T. A.

C

character, It was designed as a κτήμα ες αεί, in which it might be felt that a record of the achievements of Roman arms was happily blended with an affectionate testimony to individual worth and distinction. For English readers, its purpose has been thoroughly fulfilled. Its bearing on one of the earliest passages of our history must always make it of interest to us.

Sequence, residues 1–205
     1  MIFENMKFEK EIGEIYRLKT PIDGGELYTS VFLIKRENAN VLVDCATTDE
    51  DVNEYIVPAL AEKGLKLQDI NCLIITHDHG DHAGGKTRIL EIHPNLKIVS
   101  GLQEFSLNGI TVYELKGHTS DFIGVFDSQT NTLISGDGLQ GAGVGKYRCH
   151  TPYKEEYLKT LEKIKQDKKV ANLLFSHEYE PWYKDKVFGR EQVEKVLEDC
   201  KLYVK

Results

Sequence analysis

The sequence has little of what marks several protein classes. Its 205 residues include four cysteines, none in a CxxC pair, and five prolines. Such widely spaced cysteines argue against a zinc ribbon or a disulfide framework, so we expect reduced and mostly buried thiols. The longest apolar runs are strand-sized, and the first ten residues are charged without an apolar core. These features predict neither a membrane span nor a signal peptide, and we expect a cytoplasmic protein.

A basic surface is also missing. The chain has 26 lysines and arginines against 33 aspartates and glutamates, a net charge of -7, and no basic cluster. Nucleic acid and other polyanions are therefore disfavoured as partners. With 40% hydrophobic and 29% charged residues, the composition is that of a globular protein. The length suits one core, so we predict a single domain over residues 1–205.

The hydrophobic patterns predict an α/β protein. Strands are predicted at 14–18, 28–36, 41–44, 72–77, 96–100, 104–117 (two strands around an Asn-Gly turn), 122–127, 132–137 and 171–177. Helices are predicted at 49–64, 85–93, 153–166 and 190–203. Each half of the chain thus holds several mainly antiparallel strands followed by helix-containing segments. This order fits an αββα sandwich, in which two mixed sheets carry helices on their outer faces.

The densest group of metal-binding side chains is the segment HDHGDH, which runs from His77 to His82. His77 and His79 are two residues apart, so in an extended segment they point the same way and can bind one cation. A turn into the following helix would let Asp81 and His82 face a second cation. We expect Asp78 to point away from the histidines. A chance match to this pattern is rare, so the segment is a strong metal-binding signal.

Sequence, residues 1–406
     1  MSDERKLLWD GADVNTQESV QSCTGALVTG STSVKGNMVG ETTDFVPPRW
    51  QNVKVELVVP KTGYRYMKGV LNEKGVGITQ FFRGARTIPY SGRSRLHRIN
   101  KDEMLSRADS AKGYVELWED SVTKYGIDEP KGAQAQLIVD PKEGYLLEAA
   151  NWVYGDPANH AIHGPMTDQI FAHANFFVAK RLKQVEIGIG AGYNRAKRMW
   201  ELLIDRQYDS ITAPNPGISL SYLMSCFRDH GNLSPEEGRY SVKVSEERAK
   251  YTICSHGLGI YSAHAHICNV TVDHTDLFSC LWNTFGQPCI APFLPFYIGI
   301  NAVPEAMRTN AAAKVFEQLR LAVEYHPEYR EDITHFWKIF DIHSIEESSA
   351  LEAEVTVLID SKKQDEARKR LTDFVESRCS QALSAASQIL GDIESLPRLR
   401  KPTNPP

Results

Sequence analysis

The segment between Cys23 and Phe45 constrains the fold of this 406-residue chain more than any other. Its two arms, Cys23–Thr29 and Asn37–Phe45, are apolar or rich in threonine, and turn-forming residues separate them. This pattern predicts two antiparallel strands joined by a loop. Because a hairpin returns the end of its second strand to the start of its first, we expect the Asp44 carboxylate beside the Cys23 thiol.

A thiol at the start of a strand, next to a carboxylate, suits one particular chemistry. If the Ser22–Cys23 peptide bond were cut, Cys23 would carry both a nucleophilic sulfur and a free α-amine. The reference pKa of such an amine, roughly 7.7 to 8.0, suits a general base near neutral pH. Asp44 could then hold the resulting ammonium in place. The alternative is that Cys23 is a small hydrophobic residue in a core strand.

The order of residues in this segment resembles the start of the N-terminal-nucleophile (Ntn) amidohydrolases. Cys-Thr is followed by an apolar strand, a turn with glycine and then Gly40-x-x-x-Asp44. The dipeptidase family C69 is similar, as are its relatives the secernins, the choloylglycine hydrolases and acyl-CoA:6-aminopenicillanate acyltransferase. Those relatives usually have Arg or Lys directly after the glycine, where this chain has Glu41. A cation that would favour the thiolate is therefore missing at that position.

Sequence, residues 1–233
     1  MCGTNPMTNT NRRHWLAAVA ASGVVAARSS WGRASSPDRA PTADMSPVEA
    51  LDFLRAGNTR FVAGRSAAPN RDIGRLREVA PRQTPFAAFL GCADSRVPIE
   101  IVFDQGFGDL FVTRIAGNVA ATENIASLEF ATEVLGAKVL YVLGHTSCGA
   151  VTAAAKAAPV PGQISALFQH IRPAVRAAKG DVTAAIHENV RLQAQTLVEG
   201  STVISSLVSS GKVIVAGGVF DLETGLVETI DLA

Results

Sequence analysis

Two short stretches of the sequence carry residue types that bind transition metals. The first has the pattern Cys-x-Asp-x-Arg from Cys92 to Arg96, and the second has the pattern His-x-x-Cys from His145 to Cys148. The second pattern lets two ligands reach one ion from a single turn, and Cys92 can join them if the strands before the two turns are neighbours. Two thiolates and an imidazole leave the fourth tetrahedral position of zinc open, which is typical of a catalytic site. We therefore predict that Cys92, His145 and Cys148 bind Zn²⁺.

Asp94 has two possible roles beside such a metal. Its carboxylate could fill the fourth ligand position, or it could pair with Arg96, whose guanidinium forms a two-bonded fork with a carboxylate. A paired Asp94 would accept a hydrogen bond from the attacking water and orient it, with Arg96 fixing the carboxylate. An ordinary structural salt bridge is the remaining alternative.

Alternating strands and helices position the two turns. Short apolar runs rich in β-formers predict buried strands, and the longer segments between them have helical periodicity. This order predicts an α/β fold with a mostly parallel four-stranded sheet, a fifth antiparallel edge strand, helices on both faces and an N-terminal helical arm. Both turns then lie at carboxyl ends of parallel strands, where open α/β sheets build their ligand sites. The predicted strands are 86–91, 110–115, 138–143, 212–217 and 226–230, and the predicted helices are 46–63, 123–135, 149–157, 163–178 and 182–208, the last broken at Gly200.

Besides a description of the geography of Britain and of the general character of its inhabitants, in accordance with the best information which Tacitus could procure, we have also a brief outline of the Roman operations in the country previous to Agricola's arrival. The actual subjugation of Britain and its formation into a province cannot be said to have been even attempted earlier than the reign of Claudius. It had indeed been twice invaded by Caesar in B.C. 55 and 54, but Caesar, as Tacitus observes, was rather the discoverer than the conqueror of the island. During the reigns of Augustus, Tiberius and Caligula Britain was left to itself. In A. D. 43 an expedition was undertaken by the direction of the emperor Claudius under the command of Aulus Plautius who seems to have advanced as far as the northern bank of the Thames and with Vespasian as his legatus to have gained a firm footing for the Romans. In the following year Claudius invaded Britain in person and defeated one of its most powerful tribes, the Trinobantes, who occupied Hertford and Essex. This success was followed by the submission of the Regni in Sussex and of the Iceni in Norfolk and Suffolk. Plautius was succeeded by Ostorius Scapula in A. D. 47, by whom the military colony of Camulodunum (Colchester) was established in A.D. 50. From this time the southern part of Britain (proxima pars Britanniae) may be considered to have been reduced to the form of a province. Camulodunum was practically the capital. Succeeding governors did little to extend the Roman dominion. In A. D. 61 the province was all but lost. The Iceni under Boudicea suddenly rose in rebellion, stormed Camulodunum and massacred its garrison. They were however completely beaten by Suetonius Paulinus, the governor, and the southern Britons were effectually reconquered while the northern were overawed. During the following years the country was gradually Romanised, and the colonies of Camulodunum, Veru. lamium and Londinium which had been destroyed in the insurrection of Boudicea recovered their position. Vespasian's reign from A.D. 69 to 79, saw the work of conquest still further advanced under Cerialis and his successor Frontinus. The Silures in South Wales and the Brigantes in Yorkshire yielded to the Roman